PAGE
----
The US Patent and Trademark Office has reported a new record for the number of software patents awarded in a single year.
The agency issued 893 new patents on Tuesday alone, pushing the total to 30,232 in 2006 so far.
At the current rate of registration, more than 40,000 software patents will be issued this year in the US, according to the Public Patent Foundation. The previous record was set in 2004.
Software patents are considered a growing problem for the high-tech industry. In a highly publicised court battle, BlackBerry maker Research in Motion was forced to pay $612.5m to settle a dispute with patent holding company NTP.
The patent at the centre of the battle is likely to be invalidated in the future because of prior art, which essentially means that somebody invented the technology before the patent filer.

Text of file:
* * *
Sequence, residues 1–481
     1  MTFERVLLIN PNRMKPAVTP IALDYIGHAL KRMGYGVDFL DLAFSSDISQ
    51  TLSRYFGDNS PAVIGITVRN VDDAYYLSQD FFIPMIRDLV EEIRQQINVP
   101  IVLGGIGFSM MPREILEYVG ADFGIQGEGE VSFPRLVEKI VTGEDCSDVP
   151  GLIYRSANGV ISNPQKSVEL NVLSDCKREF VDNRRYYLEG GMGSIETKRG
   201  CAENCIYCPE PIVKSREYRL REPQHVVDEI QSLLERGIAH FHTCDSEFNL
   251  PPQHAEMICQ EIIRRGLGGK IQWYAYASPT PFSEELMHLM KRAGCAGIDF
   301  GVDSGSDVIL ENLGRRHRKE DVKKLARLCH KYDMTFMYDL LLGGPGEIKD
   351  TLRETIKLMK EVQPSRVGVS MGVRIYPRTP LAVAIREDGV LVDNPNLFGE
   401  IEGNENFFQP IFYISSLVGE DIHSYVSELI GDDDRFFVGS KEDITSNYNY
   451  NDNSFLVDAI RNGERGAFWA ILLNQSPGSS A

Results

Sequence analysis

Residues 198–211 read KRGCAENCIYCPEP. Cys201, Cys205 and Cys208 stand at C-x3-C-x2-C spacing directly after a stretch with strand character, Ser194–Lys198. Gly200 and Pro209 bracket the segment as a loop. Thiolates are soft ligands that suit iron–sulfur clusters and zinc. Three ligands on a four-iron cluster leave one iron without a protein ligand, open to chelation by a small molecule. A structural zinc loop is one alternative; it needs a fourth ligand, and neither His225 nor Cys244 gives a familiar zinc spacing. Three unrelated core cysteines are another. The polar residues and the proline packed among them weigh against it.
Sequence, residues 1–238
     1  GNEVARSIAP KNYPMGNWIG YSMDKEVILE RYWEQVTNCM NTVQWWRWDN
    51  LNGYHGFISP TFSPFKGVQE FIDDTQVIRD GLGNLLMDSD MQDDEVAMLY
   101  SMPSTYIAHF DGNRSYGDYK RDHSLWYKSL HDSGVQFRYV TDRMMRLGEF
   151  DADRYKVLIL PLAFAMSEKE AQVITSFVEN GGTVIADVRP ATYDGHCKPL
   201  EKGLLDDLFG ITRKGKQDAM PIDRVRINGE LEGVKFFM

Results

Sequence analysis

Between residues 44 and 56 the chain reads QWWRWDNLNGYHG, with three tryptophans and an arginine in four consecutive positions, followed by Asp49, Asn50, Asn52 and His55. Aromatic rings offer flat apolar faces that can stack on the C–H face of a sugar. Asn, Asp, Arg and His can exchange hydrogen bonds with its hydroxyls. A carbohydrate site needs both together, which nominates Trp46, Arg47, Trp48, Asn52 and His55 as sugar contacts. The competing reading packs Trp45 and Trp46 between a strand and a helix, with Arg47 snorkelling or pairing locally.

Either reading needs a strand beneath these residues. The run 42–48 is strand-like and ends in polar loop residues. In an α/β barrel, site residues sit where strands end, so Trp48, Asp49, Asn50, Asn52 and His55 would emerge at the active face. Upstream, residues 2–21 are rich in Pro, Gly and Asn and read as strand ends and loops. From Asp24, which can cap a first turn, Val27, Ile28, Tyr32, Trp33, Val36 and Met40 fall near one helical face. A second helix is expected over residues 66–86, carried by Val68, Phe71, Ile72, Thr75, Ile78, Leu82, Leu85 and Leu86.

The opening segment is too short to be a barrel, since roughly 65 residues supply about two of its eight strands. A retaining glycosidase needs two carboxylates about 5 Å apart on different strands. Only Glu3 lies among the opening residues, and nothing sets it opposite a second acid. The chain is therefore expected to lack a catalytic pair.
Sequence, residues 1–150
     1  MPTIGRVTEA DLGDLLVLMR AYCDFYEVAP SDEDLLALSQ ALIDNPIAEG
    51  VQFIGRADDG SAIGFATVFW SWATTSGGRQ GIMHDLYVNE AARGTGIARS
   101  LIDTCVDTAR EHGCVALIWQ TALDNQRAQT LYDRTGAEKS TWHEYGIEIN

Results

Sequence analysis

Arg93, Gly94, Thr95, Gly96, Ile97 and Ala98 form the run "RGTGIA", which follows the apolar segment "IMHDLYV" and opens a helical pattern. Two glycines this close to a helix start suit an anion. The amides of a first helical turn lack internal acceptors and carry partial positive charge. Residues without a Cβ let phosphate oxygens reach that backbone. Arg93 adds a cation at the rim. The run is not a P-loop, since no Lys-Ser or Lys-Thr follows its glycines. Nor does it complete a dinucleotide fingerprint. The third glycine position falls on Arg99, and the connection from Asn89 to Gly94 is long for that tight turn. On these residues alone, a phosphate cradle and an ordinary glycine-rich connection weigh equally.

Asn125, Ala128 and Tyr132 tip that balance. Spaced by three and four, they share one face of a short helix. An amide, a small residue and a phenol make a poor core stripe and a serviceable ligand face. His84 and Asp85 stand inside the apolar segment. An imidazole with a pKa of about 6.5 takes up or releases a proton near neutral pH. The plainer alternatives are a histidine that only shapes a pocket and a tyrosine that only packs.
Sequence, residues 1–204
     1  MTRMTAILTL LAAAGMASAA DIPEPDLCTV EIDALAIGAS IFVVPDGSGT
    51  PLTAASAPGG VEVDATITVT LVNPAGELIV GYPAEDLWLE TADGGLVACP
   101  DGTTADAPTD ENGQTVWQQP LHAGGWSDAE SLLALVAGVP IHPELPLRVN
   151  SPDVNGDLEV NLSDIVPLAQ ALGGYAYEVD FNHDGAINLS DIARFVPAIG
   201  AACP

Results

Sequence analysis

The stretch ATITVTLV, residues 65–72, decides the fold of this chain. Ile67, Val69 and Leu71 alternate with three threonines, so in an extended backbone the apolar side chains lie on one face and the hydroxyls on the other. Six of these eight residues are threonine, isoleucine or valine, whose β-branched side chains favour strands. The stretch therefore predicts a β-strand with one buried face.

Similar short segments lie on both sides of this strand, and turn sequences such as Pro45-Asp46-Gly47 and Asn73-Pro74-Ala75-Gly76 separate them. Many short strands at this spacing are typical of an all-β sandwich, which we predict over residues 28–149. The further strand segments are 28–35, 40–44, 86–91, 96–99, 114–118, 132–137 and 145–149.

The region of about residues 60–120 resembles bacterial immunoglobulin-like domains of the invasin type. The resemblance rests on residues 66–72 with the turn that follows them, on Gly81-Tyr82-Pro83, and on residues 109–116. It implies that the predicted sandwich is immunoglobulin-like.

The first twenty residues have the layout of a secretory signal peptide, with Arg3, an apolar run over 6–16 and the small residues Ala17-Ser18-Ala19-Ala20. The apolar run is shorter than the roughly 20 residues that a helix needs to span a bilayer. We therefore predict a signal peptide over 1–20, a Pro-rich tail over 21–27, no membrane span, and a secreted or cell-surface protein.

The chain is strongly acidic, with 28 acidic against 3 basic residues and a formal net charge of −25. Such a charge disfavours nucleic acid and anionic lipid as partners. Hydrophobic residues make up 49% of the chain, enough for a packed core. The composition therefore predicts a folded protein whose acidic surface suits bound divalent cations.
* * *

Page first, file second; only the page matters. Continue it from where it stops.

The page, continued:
The threat from software patents primarily affects small software vendors and open source projects.
Larger vendors typically have patent portfolios that they can use to file counterclaims in case of a patent attack, and also tend to have cross-licensing agreements with their peers as an additional defence mechanism.
The automatic injunction provision was considered one of the main issues in the US patent system.
Critics had charged that the system provided patent filers with an unfair advantage because they could effectively threaten to shut down the opposing party's business.
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